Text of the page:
Windows-1256 is a code page used to write Arabic (and possibly some other languages that use Arabic script, like Persian and Urdu) under Microsoft Windows. This code page is not compatible with ISO 8859-6 and MacArabic encodings.
It encodes every abstract single letter of the basic Arabic alphabet, not every concrete visual form of isolated, initial, medial, final or ligatured letter shape variants (i.e. it encodes characters, not glyphs). The Arabic letters in the C0-FF range are in Arabic alphabetic order, but some Latin characters are interspersed among them. These are some Windows-1252 Latin characters used for French, since this European language has some historic relevance in former French colonies in North Africa such as Morocco and Algeria. This allowed French and Arabic text to be intermixed when using Windows 1256 without any need for code-page switching (however, upper-case letters with diacritics were not included).
Unicode is preferred over Windows 1256 in modern applications, especially on the Internet; meaning the dominant UTF-8 encoding for web pages (see also Arabic script in Unicode, for complete coverage, unlike for e.g. Windows 1256 or ISO-8859-6 that do not cover extras). Less than 0.1% of all web pages use Windows-1256 in September 2019.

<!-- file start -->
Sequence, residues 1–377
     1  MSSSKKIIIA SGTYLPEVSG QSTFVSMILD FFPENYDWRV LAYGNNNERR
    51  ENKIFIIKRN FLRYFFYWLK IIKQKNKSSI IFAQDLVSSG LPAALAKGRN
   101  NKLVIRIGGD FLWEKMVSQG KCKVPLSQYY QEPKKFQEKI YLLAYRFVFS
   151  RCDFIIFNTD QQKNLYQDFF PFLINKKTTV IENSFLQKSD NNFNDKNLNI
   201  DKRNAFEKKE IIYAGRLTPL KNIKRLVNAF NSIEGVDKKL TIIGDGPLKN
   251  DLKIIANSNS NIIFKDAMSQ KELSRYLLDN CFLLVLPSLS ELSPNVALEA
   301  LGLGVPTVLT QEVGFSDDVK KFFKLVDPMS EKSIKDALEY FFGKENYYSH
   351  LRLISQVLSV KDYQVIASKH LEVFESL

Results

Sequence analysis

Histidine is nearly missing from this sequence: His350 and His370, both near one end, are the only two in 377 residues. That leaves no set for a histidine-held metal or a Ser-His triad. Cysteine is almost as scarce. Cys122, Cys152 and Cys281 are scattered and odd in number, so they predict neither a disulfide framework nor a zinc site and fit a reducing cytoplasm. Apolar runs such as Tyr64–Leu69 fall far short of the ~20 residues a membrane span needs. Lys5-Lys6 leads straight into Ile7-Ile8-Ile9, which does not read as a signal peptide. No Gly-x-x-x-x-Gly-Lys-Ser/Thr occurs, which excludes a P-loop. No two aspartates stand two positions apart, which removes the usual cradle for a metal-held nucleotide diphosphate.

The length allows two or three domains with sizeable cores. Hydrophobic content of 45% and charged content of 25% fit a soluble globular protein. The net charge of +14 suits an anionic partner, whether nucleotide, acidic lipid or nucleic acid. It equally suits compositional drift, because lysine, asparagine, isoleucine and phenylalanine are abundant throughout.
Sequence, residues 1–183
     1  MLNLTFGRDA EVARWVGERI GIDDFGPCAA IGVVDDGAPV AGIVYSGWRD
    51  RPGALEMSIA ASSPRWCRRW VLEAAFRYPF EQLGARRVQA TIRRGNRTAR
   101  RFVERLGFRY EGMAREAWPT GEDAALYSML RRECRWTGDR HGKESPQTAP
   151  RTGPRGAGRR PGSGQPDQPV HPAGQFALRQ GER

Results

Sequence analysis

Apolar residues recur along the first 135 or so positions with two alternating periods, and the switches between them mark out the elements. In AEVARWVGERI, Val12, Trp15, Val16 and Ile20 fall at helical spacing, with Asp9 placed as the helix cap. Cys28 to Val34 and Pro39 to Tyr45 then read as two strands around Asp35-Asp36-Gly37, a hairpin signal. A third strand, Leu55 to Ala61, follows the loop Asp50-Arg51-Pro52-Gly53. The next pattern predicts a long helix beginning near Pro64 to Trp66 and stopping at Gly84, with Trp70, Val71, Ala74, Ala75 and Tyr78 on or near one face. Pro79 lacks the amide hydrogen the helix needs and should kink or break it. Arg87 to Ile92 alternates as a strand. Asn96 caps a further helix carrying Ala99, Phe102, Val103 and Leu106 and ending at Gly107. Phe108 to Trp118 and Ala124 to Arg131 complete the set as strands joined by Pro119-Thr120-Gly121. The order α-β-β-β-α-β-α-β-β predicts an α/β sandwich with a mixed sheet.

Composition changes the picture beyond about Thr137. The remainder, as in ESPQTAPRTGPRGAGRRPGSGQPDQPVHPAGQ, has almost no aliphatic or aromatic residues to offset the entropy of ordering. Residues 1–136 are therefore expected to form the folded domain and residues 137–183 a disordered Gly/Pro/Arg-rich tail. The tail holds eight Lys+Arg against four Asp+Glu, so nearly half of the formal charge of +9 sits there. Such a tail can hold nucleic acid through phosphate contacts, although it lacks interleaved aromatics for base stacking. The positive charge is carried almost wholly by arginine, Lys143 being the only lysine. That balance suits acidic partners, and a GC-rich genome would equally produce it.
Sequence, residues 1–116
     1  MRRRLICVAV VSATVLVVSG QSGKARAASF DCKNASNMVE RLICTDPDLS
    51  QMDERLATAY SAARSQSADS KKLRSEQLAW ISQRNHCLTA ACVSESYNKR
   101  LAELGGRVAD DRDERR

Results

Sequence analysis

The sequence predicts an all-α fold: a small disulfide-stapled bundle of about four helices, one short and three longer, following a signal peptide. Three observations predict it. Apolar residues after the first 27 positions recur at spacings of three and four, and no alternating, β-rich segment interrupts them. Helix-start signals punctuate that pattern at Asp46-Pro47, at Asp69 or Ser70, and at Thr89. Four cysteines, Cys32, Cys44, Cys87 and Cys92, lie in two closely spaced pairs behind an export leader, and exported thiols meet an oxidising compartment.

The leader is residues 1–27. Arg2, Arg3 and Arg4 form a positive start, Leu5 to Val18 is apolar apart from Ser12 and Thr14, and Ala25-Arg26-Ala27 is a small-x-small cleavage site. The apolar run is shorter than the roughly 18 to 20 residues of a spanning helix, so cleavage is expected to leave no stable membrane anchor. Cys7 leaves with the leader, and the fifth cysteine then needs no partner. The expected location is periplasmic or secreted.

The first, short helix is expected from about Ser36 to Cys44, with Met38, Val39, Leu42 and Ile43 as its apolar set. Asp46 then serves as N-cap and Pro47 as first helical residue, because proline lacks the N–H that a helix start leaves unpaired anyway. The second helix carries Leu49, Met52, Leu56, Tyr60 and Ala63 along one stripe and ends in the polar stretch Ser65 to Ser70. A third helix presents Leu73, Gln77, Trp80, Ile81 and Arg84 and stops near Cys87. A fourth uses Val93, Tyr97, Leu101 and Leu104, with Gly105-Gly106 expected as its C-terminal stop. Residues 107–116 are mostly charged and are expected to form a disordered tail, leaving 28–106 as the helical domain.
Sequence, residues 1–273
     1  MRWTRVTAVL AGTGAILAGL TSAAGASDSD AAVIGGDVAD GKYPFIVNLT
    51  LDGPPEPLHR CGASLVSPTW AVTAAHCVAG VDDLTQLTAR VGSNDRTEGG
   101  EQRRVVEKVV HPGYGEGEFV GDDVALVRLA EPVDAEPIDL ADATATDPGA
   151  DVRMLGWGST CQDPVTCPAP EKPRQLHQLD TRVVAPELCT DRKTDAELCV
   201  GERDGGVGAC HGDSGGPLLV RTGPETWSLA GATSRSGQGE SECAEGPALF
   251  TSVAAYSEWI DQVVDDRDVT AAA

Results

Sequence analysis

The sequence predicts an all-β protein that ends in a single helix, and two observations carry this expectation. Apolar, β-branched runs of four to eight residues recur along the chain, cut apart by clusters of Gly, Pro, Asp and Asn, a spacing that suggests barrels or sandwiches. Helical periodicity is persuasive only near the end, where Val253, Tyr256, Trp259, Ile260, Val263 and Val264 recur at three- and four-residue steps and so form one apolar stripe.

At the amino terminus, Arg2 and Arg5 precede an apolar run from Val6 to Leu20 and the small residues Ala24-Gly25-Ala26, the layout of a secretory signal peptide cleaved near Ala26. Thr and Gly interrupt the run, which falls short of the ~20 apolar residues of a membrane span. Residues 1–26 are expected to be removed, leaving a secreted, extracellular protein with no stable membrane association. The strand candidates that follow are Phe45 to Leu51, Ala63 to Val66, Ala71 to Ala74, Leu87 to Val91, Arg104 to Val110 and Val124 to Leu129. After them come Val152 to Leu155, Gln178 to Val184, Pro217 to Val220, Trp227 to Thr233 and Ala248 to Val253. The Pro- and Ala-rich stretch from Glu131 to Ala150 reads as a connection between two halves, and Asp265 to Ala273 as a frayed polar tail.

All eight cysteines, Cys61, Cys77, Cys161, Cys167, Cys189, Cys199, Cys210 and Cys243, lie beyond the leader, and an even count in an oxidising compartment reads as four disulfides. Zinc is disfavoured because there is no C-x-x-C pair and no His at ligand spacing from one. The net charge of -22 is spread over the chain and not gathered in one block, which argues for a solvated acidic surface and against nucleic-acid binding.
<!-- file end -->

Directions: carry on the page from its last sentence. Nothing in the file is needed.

Since the original code page left 9 values (bytes) marked as "NOT USED" in the original specification, these bytes were used later for additional characters needed for the Perso-Arabic script (for the Persian and Urdu languages), plus the euro sign.
The following table shows the extended version of Windows-1256. Each character is shown with its Unicode equivalent and its decimal code.
Here every Arabic letter is shown in isolated form. The actual forms of the letters inside Arabic words are rendered by a combination of software rules and appropriate font support.